In recent months, everyone in the community of musicians knew that Ralph had not been in the best of health, and when there is an outpouring of support for someone as beloved as Ralph Irizarry was, you just can feel the seriousness of the situation. As it always is, it just becomes too sad to imagine. And so, to Ralph's beloved wife Elizabeth, his sons Ralphie Jr. and Marlon, and daughter Marissa, I send out my deepest sympathies on this incalculable loss. From my humble place, it was a privilege and an honor to have known Ralph, to have worked with him, and to have been able to call him my friend. Love you Bro', ahora y siempre - Steve
My recollection is that Clarence and I met at some point in 1968 in Los Angeles - probably at a jam session hosted by saxophonist Ron Finney, and I am almost certain that drummer Michael Carvin would have been there as well. It was from such a brief encounter with musicians who were far, far more seasoned and accomplished than me at that moment - a beginning guitarist who had learned more about the music and its history than he could actually execute and play. But somehow, Clarence and Michael liked me, both as a person and a player - even if we were coming from wildly differently backgrounds. Both Michael and Clarence had just returned home from a 2 year hitch in the army, serving in Viet Nam. How does one, who never served, who was never there, assess what that can do to a human being? I still wrestle with these things to this day. It's also crucial not to ever forget the very turbulent nature of those years here in the USA. Peace, love, hippies, Black Power, discontent, assassinations, and riots were all the order of the day. I learned more about the Black experience in America from Clarence and Michael than I had ever learned or experienced anywhere else. It gave me something, a perspective that I carry with me each and every day.
Musically speaking, their belief in my humble talents led to many wonderful opportunities - opportunities which I was never convinced that I was actually prepared for. Mac and Michael had been playing with a new group called The Friends of Distinction, with Mac serving as their musical director. It was remarkable for me to be in on the ground floor of a group that was to enjoy so much eventual success. When they went in to record their first album, which included hits like "Grazin' in the Grass" and "Going in Circles," I was one of the band members to be replaced by session musicians. Only Clarence played on that album. As part of all of the rehearsals, gigs and modest touring, I met singer Jessica Cleaves, and we enjoyed a powerful connection together.
One day at Mac's crib, we were rehearsing something, and the phone rang, and it was keyboard artist, Phil Moore, Jr.! I didn't know much about him at all. Apparently, he heard me noodling around in the background, and he asked Clarence, "Who is that?" And Mac said, "Oh, it's this kid, Steve Khan!" So, Phil said to Mac, "Tell him to come to the rehearsal for my album with you!" I couldn't believe it - I almost fell over from shock! When I walked in to that rehearsal a few days later, who should I see sitting there? None other than two of the Jazz Crusaders - without question one of our best Jazz groups in Los Angeles. There was Stix Hooper on the drums, and Wilton Felder, normally a tenor sax player, but here he was playing Fender bass. It was beyond surreal. I also have to mention that it was during Phil's sessions for his album, "RIGHT ON"(Atlantic) that I met a young drummer named, Andre Fischer, who would later go on to help to form Rufus with Chaka Khan. If you can believe this, from there, Wilton Felder invited me to play on his 1st album as a leader, "BULLITT"(Pacific Jazz). It was just too much to imagine suddenly being at such a session with virtually all of the top players in Los Angeles. All of this was happening as I was getting ready to spend the summer of '69 in New York with vibist David Friedman, and to be a part of his quartet. It was all happening too fast.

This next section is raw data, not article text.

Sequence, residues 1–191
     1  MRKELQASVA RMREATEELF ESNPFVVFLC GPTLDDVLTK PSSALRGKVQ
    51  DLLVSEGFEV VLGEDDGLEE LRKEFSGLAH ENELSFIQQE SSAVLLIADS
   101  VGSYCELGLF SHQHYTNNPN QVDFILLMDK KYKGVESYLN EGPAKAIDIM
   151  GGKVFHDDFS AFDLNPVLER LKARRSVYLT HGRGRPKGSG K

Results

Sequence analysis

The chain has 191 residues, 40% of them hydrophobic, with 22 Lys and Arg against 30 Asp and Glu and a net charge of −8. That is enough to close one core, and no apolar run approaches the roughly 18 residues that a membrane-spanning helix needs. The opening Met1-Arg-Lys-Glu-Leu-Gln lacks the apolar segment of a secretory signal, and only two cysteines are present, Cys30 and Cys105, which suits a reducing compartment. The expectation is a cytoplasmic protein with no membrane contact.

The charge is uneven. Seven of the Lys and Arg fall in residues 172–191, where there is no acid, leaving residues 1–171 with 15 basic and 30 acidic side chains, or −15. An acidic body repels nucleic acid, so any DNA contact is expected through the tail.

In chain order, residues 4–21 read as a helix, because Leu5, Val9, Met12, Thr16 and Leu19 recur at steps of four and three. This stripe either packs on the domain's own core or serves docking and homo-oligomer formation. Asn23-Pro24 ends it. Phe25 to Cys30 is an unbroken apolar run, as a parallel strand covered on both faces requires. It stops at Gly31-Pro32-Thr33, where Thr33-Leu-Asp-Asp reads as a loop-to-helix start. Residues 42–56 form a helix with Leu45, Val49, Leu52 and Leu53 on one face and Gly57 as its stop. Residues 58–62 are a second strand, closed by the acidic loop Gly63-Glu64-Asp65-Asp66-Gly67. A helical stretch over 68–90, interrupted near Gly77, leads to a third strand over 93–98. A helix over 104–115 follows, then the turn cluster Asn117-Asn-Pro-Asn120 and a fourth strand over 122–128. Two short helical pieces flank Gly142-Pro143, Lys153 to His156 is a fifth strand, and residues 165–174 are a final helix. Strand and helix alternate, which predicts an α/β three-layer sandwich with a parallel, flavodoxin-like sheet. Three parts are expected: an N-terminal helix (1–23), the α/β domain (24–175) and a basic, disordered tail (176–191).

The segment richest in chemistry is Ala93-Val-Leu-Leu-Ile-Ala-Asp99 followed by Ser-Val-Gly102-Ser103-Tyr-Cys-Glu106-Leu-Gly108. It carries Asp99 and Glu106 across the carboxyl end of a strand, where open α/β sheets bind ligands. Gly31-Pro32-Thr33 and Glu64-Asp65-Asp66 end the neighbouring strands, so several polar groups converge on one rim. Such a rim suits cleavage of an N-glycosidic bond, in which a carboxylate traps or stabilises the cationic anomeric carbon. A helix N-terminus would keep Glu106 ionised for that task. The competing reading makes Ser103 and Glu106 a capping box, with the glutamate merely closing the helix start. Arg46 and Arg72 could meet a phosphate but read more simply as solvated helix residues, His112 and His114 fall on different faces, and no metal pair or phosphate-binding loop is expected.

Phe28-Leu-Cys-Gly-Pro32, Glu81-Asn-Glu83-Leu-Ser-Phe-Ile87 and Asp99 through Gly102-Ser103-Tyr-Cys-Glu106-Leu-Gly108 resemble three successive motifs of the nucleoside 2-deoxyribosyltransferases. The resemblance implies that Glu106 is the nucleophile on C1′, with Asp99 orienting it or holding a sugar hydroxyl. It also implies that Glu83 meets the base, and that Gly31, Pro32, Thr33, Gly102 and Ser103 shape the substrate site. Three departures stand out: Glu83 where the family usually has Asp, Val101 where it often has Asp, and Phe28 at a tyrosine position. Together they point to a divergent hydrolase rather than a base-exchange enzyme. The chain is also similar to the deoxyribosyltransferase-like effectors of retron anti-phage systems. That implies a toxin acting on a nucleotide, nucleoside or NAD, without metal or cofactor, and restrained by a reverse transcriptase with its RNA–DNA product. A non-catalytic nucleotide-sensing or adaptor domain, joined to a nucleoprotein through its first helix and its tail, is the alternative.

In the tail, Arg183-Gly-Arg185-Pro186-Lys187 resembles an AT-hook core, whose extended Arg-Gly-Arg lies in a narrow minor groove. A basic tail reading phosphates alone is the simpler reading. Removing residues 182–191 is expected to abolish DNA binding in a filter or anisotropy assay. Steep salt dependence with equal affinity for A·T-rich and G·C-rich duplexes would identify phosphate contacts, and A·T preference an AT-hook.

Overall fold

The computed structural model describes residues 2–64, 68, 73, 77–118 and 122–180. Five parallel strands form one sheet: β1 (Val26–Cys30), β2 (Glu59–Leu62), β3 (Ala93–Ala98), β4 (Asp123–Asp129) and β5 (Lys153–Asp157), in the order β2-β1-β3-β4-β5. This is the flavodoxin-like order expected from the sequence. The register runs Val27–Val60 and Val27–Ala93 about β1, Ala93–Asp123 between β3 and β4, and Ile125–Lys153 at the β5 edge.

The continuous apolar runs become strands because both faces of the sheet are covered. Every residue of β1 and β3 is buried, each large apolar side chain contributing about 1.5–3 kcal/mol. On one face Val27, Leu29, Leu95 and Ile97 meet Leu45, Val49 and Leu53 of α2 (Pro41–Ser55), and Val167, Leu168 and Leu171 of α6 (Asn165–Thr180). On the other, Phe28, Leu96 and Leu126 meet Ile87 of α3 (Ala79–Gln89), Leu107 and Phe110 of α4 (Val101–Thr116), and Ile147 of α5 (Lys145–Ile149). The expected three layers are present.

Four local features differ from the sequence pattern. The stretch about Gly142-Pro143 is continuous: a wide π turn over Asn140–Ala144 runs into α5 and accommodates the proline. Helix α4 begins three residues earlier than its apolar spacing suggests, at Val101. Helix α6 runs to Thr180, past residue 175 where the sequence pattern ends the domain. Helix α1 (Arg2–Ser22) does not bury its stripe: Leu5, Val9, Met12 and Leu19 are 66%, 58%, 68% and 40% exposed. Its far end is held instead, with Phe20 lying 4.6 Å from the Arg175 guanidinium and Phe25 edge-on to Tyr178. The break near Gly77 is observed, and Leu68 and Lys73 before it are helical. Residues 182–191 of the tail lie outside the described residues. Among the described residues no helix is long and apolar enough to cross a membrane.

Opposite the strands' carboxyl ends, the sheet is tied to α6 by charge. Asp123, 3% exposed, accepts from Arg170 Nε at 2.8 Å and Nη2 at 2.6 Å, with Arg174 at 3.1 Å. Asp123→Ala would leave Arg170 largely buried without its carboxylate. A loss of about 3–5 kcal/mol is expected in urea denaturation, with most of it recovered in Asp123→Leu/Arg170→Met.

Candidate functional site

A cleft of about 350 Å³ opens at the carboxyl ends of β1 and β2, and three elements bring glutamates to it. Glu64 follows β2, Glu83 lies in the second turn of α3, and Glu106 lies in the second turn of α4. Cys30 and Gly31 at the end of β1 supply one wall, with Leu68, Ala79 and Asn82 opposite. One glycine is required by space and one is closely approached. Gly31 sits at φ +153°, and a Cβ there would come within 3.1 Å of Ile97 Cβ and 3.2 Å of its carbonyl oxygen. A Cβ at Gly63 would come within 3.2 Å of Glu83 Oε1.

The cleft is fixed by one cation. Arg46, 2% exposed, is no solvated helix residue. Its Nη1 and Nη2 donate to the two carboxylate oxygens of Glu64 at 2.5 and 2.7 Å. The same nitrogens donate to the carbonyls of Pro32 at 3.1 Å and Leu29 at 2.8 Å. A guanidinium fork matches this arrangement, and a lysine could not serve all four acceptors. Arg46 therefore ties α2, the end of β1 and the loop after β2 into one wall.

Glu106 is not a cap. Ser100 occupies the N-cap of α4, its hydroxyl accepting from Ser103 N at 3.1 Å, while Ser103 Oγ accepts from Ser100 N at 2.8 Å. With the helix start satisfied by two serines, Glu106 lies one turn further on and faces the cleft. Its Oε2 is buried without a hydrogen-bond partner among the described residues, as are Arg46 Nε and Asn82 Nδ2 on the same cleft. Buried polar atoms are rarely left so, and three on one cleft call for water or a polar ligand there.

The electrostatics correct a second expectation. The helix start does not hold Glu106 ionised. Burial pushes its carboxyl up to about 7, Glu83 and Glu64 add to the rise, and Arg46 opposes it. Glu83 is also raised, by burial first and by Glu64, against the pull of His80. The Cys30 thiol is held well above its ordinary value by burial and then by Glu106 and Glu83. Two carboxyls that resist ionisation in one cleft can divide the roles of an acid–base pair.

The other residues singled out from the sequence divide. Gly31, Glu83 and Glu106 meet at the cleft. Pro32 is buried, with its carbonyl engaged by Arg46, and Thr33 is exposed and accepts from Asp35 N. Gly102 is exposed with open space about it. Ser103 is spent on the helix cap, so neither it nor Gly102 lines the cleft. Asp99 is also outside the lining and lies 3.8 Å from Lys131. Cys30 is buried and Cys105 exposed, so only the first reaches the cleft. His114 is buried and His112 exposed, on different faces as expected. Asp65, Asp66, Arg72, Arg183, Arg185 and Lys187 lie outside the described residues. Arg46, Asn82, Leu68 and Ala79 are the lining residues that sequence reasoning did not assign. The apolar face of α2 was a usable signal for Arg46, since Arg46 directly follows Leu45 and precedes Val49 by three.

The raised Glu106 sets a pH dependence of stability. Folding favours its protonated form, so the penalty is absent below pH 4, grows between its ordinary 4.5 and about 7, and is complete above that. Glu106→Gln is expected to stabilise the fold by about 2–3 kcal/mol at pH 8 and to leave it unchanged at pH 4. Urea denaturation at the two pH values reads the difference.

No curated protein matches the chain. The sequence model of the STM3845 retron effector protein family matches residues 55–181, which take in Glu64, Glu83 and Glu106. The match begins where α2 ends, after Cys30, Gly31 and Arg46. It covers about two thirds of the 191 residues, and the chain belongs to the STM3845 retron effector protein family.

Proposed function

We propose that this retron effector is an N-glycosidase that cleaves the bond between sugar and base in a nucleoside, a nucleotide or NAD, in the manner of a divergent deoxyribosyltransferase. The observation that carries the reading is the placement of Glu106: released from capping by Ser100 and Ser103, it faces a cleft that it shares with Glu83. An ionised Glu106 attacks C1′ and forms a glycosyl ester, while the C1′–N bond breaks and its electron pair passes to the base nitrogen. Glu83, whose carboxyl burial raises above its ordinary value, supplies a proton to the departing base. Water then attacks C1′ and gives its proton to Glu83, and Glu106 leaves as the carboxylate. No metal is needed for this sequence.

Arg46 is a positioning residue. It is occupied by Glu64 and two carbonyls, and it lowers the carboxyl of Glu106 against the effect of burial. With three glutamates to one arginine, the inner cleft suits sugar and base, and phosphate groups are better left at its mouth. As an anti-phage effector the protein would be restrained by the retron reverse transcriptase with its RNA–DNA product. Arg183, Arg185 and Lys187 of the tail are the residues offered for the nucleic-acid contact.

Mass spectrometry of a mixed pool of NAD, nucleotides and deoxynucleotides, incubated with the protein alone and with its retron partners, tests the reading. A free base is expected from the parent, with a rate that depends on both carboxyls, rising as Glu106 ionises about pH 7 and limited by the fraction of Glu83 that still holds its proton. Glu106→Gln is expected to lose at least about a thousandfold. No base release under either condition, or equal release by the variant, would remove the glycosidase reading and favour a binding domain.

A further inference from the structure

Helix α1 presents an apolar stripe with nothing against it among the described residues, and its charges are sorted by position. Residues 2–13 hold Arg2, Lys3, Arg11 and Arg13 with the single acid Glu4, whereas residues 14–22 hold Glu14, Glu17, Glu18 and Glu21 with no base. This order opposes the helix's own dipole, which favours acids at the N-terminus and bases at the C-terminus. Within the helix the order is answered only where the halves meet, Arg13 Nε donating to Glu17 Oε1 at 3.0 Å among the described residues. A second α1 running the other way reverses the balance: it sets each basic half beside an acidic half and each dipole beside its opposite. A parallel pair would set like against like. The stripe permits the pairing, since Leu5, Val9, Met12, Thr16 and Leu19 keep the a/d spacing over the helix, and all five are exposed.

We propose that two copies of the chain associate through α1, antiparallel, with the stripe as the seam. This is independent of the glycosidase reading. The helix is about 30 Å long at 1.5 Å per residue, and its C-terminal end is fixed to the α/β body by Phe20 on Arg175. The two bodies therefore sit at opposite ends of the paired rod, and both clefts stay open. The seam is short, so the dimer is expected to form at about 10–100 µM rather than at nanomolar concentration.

Another treasured experience for me was when Clarence invited me to come with him as he was going to be doing his first big-time Jazz recording session with saxophonist Ernie Watts - for Ernie's first album as a leader. That album became "PLANET LOVE"(Pacific Jazz). It was such a great experience, and I was very proud to be Mac's friend and to see him just kill the session! I will always be so grateful that he allowed me to be there - sitting, listening and learning quietly of course.
Then, I moved to New York in 1970 and sadly, I lost touch with both Mac and Michael Carvin. But, from the great distance I was following their careers, and with each success for either one of them, I was just so happy for them - and so proud to have known them when. You only have to read Mac's BIO to begin to comprehend all that he has done in his musical life. But, two moments really touched me the most:  When I saw that Mac was recording with James Taylor on "GORILLA"(1975); "IN THE POCKET"(1976) and "JT"(1977). I was just so thrilled for Mac, that he was getting this kind of recognition for being the player that he always had been. And  was when I saw the Clarence had co-produced The Emotions album "REJOICE" which included the smash hit, "The Best of My Love." What can I say? To see these things just had me bursting with pride for Mac!!!